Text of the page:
Actually, overall I confess to being a little torn by Arrested Development veering closer to from-today’s-headlines social comment than more generalized mockery. Like I said, the references—especially the low-carb diet ones—do tend to date the episodes a little. But at the same time, when I look at the run of smart sitcoms that emerged in the wake of Arrested Development, what’s largely missing from them is the social consciousness of the classic Norman Lear shows of the 1970s. 30 Rock, for example, tackles politics and the quirks of modern life, but is so cartoony that even though the show is very funny more often than not, I wouldn’t say that it really stings. Arrested Development, when it ramps up the political satire, does sting, because of the way it ties its larger observations about American life to the behavior of the likeable but enormously self-centered (and thus quintessentially American) Bluths.
We’ll see this manifest magnificently in the show’s second season, which gets weirder, denser, bawdier, and more scathing than even its brilliant first.
- It’s a good thing that the first Arrested Development season didn’t end with some big narrative-wrapping one-two, because as you can see above, these two episodes aired almost six weeks apart, with the first season finale essentially being burned off in June. Here’s where Fox, for all it did (commendably) to keep Arrested Development alive, began to squander its assets a little.
- Maeby used to sit in on her dad’s therapy sessions for “Take Your Daughter To Work Day.” Apparently, Tobias specialized in treating men who were repressing their homosexuality.
- Speaking of which, when Michael points Tobias toward the messed-up ladies of Girls With Low Self-Esteem, he asks, “Is this what you want?” and Tobias quickly answers, “Oh, God no!”
- GOB, excusing his sinking of the family yacht: “If you give someone permission to use a tissue, you can’t be upset if they blow their nose.”
- When Lindsay calls Lucille “sweet old thing,” Michael says that only two of those words describe their mother. So later, Lindsay just calls her, “Old thing.”
- Where did Tobias’ high-pitched “douche-chill” taunt come from? So un-Tobias-y. Yet funny.
- It’s hard to replicate in print, but I loved the three separate yet in synch conversations that George-Michael, GOB, and Tobias have about security, guards, and shopping.
- When George-Michael asks his uncle if he was ever awkward around girls, GOB replies, “Like if there were three of us and I didn’t know where to start? No, I think I did pretty well. Not a lot of complaints, if you know what I mean. At least not from the girl.”
- One of my favorite lines in Arrested Development history: “Say what you will about America, 13 bucks still gets you a hell of a lot of mice.”
- I also like George Sr.’s explanation to Buster as to why he was banned from organized sports: “You were just a turd out there.”
- Also good: Lucille scoffing at Oscar when he fears his camper—which has a hanger for a lock—might be vulnerable to thieves. “What are they gonna take? The one can of Comet you got in there?”
- While he’s in the police station, Michael takes a call from his shoplifting son, during which a detective overhears Michael saying, “I’m sorry? In your pants? I’ll be right there!” The detective interjects, “Y’know, there’s a Grover book: I Can’t Hold It In. Worked for us.”
- “We knew him when” dept., pt. 1: One of the detectives that grills Michael is played by future Survivor contestant and Alan Alda soundalike Jonathan Penner. (Whenever we watch Survivor, my wife and I often quote Jeff Probst’s response when Penner took issue once with his play-by-play during a challenge: “Jonathan… gettin’ mad at me.”)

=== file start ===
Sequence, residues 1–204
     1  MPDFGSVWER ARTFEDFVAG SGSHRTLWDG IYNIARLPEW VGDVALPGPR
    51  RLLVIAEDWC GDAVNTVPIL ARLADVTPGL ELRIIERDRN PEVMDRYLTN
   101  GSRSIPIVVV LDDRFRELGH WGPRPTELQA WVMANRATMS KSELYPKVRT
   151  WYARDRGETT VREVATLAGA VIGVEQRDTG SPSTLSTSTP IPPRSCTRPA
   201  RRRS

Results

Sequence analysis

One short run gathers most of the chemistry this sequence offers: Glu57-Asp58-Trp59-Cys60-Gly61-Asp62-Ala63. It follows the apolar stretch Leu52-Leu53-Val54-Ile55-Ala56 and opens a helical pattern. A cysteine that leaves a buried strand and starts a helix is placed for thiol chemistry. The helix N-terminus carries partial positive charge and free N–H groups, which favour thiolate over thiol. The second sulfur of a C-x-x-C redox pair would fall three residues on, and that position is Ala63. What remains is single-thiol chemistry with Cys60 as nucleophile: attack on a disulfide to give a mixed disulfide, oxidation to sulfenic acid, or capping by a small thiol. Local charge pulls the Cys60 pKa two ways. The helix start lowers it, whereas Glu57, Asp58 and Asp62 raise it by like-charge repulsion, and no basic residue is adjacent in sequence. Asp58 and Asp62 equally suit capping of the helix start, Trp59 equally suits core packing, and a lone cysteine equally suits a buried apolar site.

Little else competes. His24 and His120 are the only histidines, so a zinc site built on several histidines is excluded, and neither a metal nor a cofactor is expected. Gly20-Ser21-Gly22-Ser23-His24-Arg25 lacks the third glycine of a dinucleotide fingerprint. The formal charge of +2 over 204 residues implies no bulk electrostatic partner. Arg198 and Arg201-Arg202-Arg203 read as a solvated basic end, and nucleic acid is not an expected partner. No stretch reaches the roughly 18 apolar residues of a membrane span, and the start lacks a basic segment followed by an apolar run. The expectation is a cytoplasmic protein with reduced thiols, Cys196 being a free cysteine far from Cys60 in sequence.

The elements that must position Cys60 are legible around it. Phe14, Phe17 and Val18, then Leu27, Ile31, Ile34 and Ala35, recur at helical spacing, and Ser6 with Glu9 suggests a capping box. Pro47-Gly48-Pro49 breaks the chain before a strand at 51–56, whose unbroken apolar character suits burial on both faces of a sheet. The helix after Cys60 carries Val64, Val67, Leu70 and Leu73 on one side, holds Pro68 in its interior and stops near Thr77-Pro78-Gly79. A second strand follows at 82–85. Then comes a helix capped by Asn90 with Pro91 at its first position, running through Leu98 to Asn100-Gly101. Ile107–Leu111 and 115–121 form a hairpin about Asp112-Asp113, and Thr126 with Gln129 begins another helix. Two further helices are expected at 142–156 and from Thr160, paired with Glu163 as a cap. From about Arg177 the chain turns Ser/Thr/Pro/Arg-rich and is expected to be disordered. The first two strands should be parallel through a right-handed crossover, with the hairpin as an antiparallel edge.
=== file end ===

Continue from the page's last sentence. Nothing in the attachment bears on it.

- “We knew him when” dept., pt. 2: For one episode only, George-Michael's new love-interest Ann is played by Alessandra Torresani, better known to nerds like me as Zoe from Caprica.
- Speaking of Ann, she’s barely in this episode, though her distinguishing characteristic is already in play: utter blandness. Michael hasn’t had the chance to be underwhelmed by her yet, but Maeby finds her annoying from the start: “She barely has a face! You couldn’t pick her out of a line-up of one!”
- Tobias has a surprise best-seller with his autobiographical self-help book The Man Inside Me. I missed this while watching the episode, but while checking a quote, I found that on the Amazon page for The Man Inside Me (as seen on the show, not in real life, obviously), people who bought the book also bought Families With Low Self-Esteem, Caged Wisdom, Girls With Low Self-Esteem, and The Low-Carb Gay, Bi, And Transgender Diet (by B.J. Zuckerkorn!)
- “Nothing works in this house.” “Tell me about it.”
- GOB, appalled that Michael is being called in for a polygraph: “But I’m the oldest! The matriarch, if you will.”
- More GOB: “Now I’m expected to climb back on top of Kitty and do my thing again. This family runs into problems and it’s, ‘Oh, let’s have GOB [bleep] our way out of it.’”
- GOB to Kitty: “This is a side of you I’ve ever noticed. Have they always been this big?”
- Incest theme alert! When Lindsay, referring to Tobias, asks rhetorically, “How do you not have sex with me?”, Michael answers, “It is a struggle.”
- Two of Lindsay’s failed businesses: Mommy, What Will I Look Like? and Dip A Pet. With her latest beading business, Lindsay promises, “Soon I’ll be in the red, and you can take that to the bank!”
- You guys expressed disappointment last week that I trimmed up the GOB-and-his-wife “Who’s On First”-ish routine to make it more print friendly, losing GOB’s inflections and interjections. Well, I’m not even going to try to replicate the exchange between Lindsay and GOB about “beads” and “bees,” except to note that I always chortle noisily at the way GOB is equally alarmed by both words.
- I will print this, though: “Zero hour, Michael. It’s the end of the line. I’m the firstborn. I’m sick of playing second fiddle. I’m always third in line for everything. I’m tired of finishing fourth. Being the fifth wheel. There are six things I’m mad about, and I’m taking over.”
- Also: “They don’t allow you to have bees in here.”
- Barry complains that, “I’ve got an itch like you wouldn’t believe. I think something laid eggs on me.” Later he says it’s just poison oak, but doesn’t know where he got it. Cut to: a still shot of a rest area. Then he says he has Laker tickets. Cut to: a still shot of the same rest area. Has there ever been a sitcom to make so many gay jokes that are actually funny, rather than just desperate and vaguely mean?
- “I didn’t even know we were calling him Big Bear.”
- The best “on the next” in “Not Without My Daughter:” Still employed as a security guard, Tobias fires a gun maniacally at GOB’s still-loose mice.
- The best “on the next” in “Let ’Em Eat Cake:” Apparently done with Atkins, the Bluths have a family meeting in which everyone is scarfing down pastries and jelly-toast.
- And that’ll do it for this summer, folks. See you in mid-2012 for season two.